Dr Badri was a pioneer of modern Islamic approaches to psychology who influenced countless students in the field, through whom his legacy lives on.

“Don’t worry, Malik, Freud signs their paychecks!” These were words that once comforted the recently deceased father of modern Islamic Psychology, Dr Malik Badri, upon complaining to a friend that he was ridiculed by fellow psychologists, including Muslims, when he attempted to present an Islamic framework of psychology to them in the 1960s. 

Having trained as a psychologist in the UK, after completing primary studies in his home country of Sudan and his bachelor’s and master’s degrees from the American University of Beirut, Dr Badri was elected as a Fellow of the British Psychological Society. 

While he felt there was much from his training that could benefit the Muslim community, he also witnessed fellow Muslim psychologists adopt wholesale the staunchly secular frame of Western psychology in which there was no room for religion or spirituality.

Dr Badri was very concerned about the serious cultural and ideological dilemmas that would result from what he referred to as “ethnocentric, indiscriminate exportation of secular Western psychology” to Muslim and third-world countries under the guise of the “scientific superiority” of the West. He was particularly concerned that students of psychology in Muslim countries were “swallowing the kernel of psychology with its nutshell; [keeping] the baby with its filthy water.”

This then led to the publication of Dr Badri’s famous paper, “Muslim Psychologists in the Lizard’s Hole,” followed by his best-selling book, The Dilemma of Muslim Psychologists, published in London in 1979. This magnum opus, along with Dr Badri’s numerous other books, have inspired many to refuse the uncritical acceptance of Western psychological theories and practices and instead revise them according to an Islamic worldview.

From there another important avenue opened up for Dr Badri: examining the works of early Muslim scholars that contributed to the field we today call psychology. What better way to bring the benefits of psychology to Muslims than to find its indigenous roots in the works of early Muslim scholars?

The original contributions of Muslim scholars and physicians, however, have been largely ignored, at times deliberately, by modern Western historians of psychology. Today, psychology textbooks often start by honouring the works of the Greeks and Romans and then skip centuries to the European Renaissance as though the world plunged into literary ignorance for more than a thousand years in between. 

The word Renaissance means rebirth, which implies Europe was trying to revive the dead sciences of the classical Greeks. But science never actually died. The Muslims inherited the science of the Greeks, refined it and innovated beyond it, before passing it on to Europe.

It was at this juncture that Dr Badri was alerted by his colleague Professor Mehdi Mohaghegh about a ninth-century manuscript by Abu Zayd al-Balkhi discovered in the Ayasofya Library in Istanbul by Professor Fuat Sezgin entitled, Masalih al-Abdan wa al-Anfus (Sustenance for Bodies and Souls).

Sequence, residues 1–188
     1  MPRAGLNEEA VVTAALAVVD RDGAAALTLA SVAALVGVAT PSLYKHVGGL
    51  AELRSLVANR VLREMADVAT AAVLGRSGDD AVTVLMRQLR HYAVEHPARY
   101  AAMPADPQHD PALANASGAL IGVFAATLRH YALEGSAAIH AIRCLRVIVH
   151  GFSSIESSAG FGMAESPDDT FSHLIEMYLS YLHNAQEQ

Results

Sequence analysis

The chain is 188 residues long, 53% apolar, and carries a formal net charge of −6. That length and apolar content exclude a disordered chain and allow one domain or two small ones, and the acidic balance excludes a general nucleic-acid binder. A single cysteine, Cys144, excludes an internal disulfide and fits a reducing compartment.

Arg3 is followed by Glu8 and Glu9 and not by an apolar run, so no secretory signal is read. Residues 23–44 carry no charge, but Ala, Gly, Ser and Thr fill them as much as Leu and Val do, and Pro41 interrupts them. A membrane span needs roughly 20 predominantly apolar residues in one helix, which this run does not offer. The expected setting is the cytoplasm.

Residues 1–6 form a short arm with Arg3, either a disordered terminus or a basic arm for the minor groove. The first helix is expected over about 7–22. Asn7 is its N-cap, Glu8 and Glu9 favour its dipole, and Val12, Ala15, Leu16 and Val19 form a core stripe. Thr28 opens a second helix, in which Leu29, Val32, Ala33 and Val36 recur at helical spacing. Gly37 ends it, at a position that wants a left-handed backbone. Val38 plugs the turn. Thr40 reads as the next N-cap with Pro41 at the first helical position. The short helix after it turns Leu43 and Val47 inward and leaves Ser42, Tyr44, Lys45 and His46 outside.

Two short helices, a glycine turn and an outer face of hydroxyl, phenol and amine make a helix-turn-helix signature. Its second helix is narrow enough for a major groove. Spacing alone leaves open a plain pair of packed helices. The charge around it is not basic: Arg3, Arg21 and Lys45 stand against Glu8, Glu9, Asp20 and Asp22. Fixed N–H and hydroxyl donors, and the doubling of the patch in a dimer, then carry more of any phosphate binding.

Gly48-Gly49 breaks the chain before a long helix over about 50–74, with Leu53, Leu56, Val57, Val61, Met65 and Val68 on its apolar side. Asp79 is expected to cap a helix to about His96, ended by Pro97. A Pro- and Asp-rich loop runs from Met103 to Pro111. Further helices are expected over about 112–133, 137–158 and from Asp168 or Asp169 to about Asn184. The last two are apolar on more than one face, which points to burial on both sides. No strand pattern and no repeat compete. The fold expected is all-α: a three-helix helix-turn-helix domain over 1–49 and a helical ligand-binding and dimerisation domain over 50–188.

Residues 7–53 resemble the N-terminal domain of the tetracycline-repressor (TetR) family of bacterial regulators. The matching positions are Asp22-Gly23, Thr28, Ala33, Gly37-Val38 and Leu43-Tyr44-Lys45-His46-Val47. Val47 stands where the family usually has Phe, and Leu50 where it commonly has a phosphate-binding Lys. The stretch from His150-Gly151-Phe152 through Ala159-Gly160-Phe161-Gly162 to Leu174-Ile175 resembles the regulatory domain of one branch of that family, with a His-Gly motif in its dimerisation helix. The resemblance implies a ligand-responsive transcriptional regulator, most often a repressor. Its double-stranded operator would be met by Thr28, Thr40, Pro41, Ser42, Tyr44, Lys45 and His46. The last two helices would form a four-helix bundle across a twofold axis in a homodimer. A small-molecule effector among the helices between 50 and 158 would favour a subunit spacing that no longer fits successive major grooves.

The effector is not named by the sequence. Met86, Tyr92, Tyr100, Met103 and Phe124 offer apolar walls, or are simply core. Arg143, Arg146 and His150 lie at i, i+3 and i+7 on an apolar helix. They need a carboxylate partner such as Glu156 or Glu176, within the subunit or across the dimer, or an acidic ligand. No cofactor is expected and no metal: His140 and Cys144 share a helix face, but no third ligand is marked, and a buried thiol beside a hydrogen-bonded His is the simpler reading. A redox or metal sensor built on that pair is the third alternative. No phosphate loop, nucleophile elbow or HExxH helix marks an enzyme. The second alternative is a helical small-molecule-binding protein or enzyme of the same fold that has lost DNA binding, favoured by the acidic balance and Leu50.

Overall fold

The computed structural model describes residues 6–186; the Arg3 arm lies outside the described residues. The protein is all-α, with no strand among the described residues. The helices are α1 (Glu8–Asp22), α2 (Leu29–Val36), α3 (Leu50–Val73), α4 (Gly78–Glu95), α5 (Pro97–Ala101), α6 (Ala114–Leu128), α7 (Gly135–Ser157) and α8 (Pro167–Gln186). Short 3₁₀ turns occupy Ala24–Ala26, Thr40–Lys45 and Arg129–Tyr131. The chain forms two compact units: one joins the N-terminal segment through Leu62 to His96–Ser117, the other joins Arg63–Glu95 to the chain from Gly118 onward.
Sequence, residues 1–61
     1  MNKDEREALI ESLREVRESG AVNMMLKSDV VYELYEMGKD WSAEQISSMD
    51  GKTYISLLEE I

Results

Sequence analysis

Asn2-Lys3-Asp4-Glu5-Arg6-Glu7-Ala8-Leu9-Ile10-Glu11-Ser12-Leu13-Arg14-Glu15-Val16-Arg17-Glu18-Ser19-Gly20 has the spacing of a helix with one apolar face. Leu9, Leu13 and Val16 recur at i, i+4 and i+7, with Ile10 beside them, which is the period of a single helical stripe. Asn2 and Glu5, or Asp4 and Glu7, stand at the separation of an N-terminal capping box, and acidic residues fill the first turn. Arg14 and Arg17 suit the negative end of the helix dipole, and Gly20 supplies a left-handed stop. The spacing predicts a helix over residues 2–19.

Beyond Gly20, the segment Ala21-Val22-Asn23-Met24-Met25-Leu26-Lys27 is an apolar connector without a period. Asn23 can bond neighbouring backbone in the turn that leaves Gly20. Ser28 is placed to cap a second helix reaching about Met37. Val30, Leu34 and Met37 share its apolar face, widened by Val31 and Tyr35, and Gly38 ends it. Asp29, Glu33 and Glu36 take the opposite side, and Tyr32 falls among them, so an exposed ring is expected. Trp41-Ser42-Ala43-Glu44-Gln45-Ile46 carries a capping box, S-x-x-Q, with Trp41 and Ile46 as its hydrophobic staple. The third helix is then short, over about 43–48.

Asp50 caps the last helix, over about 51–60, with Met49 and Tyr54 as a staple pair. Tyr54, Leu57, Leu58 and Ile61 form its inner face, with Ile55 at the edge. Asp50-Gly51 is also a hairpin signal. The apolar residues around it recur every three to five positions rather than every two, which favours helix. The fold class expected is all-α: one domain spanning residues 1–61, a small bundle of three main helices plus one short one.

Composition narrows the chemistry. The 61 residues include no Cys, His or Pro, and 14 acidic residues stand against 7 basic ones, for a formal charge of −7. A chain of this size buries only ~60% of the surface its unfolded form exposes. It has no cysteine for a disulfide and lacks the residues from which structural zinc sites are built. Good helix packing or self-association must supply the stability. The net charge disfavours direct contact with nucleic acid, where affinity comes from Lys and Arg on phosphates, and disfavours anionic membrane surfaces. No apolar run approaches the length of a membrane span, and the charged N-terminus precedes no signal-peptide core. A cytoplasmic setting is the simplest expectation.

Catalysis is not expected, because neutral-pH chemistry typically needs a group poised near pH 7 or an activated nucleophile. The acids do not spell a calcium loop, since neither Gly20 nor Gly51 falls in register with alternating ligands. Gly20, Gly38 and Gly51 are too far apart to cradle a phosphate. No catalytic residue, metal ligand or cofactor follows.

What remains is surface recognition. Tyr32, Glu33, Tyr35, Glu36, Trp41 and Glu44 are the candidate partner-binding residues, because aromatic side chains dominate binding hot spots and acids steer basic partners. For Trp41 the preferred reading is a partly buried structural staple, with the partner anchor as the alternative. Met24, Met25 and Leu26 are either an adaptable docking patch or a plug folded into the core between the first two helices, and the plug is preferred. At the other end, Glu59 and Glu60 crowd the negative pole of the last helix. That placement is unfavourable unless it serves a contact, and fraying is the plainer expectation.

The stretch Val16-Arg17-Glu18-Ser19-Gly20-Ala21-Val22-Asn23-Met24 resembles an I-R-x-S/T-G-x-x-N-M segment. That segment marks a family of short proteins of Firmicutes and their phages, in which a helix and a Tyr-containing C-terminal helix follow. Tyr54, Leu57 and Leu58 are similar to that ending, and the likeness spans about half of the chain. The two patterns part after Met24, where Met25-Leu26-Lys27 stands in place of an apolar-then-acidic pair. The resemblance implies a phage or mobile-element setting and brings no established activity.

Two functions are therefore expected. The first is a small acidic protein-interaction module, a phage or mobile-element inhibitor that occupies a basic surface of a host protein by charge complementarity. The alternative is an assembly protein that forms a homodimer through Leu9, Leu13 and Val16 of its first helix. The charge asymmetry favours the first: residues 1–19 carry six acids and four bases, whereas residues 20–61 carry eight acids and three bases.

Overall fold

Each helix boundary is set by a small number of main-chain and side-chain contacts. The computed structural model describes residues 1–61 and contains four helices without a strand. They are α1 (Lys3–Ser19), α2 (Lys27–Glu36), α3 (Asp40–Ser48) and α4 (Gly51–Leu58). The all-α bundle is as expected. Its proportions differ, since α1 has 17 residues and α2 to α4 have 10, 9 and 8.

Dr Badri then took on the task of writing a psycho-historical treatise on al-Balkhi’s manuscript in Arabic, then translated the psychotherapeutic section of the manuscript into English, now entitled Sustenance of the Soul. 

Dr Badri aptly showed how al-Balkhi may have been the first scholar to clearly differentiate between psychoses and neuroses, i.e., between mental and psychological disorders. Furthermore, al-Balkhi’s classifications of emotional disorders were strikingly modern; he classified mental illnesses into four overarching categories: fear and panic, anger and aggression, sadness and depression, and obsessions. 

To top it off, al-Balkhi was likely the first in history to have developed a refined cognitive behaviour therapy (CBT) and illustrated its use for each of the disorders he classified.

It was at this point that my path serendipitously crossed with Dr Badri. Having myself been trained in the classical Islamic sciences before training as a psychiatrist, I was determined to uncover the works of early Muslim scholars and their understanding of the multi-disciplinary science called “ilm ul-nafs,” or the study of the self. 

Drowning in hundreds of original manuscripts that ranged from the seventh to sixteenth centuries, I happened upon Abu Zayd al-Balkhi’s original ninth century manuscript and later Dr Badri’s Arabic annotation of it. As a trained psychiatrist I could immediately see the connection between al-Balkhi’s diagnostic classification and the DSM-5. In some cases, al-Balkhi’s descriptions (ninth century) matched the DSM-5 (2013) point by point.

I took a chance and wrote an e-mail to Dr Badri introducing myself, I shared my findings and plan to publish them in double-blinded, peer-reviewed mainstream medical journals. To my absolute astonishment, Dr Badri took the time to write back to me.